Calls Waiting: 'Idol' Voters Finally Get Through to Fox
"Idol" is so important to Fox, the network plans to wait until the reality series returns in January to launch the largest chunk of its new series next season. At Fox, January is the new September, thanks entirely to "American Idol."
And yet, the network allows questions about the voting system to continue to plague this important franchise. This season the news media have written about it extensively while Fox continued to "smile its Cheshire cat grin," as the Associated Press put it in one of its numerous stories on the subject.
Especially startling was the week in which the most talented contestants, the Three Divas as they were called by Cowell, were the bottom vote-getters. Guest judge Elton John was not the only one to suggest that the voting was racist because all three of the women were African American; one caller to "The Tom Joyner Morning Show" angrily reported she had tried numerous times to vote for the three -- La Toya London, Jennifer Hudson and Barrino -- but all three lines were busy the whole time. Another caller speculated that the reason they'd received the fewest votes was that African Americans "don't text-message," while "little white kids" vote repeatedly with their cell phones.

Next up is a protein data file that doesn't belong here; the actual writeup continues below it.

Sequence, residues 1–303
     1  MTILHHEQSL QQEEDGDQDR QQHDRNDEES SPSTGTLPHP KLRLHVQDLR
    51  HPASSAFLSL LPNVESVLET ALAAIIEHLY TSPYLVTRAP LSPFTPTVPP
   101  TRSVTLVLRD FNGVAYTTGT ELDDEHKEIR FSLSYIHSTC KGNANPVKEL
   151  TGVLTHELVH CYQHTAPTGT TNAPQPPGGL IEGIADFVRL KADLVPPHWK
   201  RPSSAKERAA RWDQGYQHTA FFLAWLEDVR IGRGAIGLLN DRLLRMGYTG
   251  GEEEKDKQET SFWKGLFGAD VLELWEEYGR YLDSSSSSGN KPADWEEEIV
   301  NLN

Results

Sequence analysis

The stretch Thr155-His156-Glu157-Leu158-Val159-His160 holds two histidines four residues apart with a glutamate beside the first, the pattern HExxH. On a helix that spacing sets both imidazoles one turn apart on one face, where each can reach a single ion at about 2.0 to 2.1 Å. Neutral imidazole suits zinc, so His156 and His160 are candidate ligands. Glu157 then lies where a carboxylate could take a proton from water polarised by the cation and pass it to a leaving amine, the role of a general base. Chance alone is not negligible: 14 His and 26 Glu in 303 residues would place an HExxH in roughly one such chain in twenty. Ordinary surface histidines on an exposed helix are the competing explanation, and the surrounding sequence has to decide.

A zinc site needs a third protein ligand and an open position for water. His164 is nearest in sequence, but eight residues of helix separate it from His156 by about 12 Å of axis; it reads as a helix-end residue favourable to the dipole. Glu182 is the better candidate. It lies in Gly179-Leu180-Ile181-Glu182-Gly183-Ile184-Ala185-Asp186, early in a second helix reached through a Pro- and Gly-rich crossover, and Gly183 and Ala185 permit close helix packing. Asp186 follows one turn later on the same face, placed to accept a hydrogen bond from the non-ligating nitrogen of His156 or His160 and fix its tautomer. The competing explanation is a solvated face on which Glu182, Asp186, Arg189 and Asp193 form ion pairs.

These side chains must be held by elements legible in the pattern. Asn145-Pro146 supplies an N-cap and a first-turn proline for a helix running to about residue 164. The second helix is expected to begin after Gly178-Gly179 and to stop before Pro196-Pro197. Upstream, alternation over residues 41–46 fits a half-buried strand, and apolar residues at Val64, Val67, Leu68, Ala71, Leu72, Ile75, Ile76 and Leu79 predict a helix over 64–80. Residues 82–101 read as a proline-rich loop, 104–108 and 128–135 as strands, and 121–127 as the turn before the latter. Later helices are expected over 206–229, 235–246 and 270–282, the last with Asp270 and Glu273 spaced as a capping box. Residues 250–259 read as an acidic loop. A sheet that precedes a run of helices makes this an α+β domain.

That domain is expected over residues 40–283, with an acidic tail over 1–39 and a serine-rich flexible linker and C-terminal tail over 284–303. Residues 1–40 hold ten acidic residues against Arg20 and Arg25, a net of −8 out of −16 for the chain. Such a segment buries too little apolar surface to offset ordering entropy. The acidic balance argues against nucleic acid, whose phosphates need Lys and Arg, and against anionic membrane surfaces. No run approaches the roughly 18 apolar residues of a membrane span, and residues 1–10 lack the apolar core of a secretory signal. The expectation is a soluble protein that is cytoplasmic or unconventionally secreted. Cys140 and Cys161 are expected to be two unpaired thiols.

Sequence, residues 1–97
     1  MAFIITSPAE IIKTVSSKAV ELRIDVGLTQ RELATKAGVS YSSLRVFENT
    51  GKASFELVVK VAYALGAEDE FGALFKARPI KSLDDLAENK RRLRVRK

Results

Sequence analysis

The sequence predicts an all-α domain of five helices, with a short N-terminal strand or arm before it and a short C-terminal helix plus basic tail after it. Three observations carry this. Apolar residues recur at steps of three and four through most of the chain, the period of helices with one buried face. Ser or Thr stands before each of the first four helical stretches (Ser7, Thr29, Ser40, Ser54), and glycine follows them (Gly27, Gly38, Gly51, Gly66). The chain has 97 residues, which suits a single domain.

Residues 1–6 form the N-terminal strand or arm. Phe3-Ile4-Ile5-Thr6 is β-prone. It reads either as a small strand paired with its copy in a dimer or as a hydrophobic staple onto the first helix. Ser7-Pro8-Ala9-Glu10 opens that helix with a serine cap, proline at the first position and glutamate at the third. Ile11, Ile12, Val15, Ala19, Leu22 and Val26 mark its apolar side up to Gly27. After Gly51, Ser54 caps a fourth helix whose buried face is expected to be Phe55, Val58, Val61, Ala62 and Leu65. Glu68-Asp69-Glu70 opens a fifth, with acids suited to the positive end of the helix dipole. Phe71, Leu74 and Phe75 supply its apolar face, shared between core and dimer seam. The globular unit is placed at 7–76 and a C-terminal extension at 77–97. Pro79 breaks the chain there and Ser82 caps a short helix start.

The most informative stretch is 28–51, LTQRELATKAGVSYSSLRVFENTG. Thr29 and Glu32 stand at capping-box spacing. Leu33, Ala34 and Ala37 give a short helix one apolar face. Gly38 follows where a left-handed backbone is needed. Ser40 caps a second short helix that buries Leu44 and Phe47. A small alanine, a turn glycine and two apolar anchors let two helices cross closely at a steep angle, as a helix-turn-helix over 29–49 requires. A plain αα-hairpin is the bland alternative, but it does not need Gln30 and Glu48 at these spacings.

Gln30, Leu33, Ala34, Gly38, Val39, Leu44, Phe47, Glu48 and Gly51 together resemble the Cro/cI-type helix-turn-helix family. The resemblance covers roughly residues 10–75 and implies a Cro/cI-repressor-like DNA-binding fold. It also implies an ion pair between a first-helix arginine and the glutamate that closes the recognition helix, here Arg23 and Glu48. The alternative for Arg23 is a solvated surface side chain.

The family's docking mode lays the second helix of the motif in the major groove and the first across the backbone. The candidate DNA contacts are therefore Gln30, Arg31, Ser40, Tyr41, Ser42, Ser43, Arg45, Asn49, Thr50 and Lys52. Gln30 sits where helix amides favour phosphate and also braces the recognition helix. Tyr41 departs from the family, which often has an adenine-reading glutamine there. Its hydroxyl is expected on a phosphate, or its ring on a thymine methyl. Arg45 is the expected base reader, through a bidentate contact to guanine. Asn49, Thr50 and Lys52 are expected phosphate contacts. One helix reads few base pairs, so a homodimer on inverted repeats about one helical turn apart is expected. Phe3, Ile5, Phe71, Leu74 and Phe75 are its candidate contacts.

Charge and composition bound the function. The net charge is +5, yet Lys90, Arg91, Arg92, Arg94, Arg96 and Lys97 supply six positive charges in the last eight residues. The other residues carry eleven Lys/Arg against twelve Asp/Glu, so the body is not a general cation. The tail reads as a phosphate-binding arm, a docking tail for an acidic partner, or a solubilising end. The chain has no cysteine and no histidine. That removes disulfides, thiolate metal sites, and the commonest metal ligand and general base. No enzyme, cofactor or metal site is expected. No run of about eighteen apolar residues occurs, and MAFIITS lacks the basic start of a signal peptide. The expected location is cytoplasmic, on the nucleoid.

(Viewers can vote by telephone or by text-messaging. Text-messaging is digital; phone lines are analog. Votes by text-messaging can stack up and be recorded later; phone lines become clogged and would-be voters get a busy signal. Text-messaging costs 10 cents a vote; phone voting is free.)
More recently, some viewers cried foul when London got axed while Jasmine Trias, who'd been uniformly trashed by the judges for her subpar performance that week, got voted through.
The viewers noted that, on the mainland, they have to compete for phone lines with millions of others in their time zone, while Hawaii, Trias's home state, with a population of just 1.2 million, is in its own time zone. That means Trias's many Hawaiian fans enjoyed a far less crowded calling period. Indeed, of the 29 states in Verizon's local territory, Hawaii logged more calls that night than anyplace else except the very populous states of New York and California, the AP reported.
Fox again went into full not-our-problem mode: "The producers and network have gone to great lengths to ensure the integrity of the voting process on 'American Idol,' " the network said in a statement.
"America votes, an independent company calculates the tally and the show reports those results."
Fox then tried to place the blame squarely on the viewers.
Host Ryan Seacrest opened the next Tuesday's broadcast by telling viewers, "Last week there was outrage when your votes [emphasis his] decided that La Toya London would not be" in the final competition.
The studio audience booed; Seacrest went back to his script:
"That's what you wanted! That's what you said! Or, maybe you just thought, 'Aw, she'll be fine,' and did not bother calling in. Well, you've seen what can happen."
Have we mentioned yet that AT&T is one of the show's biggest sponsors?
Seacrest continued: "Millions of people will be trying to get through at the end of the show. So the lines are bound to be busy. But do not give up. You will have at least two full hours to vote and you can vote as many times as you like."
© 2004 The Washington Post Company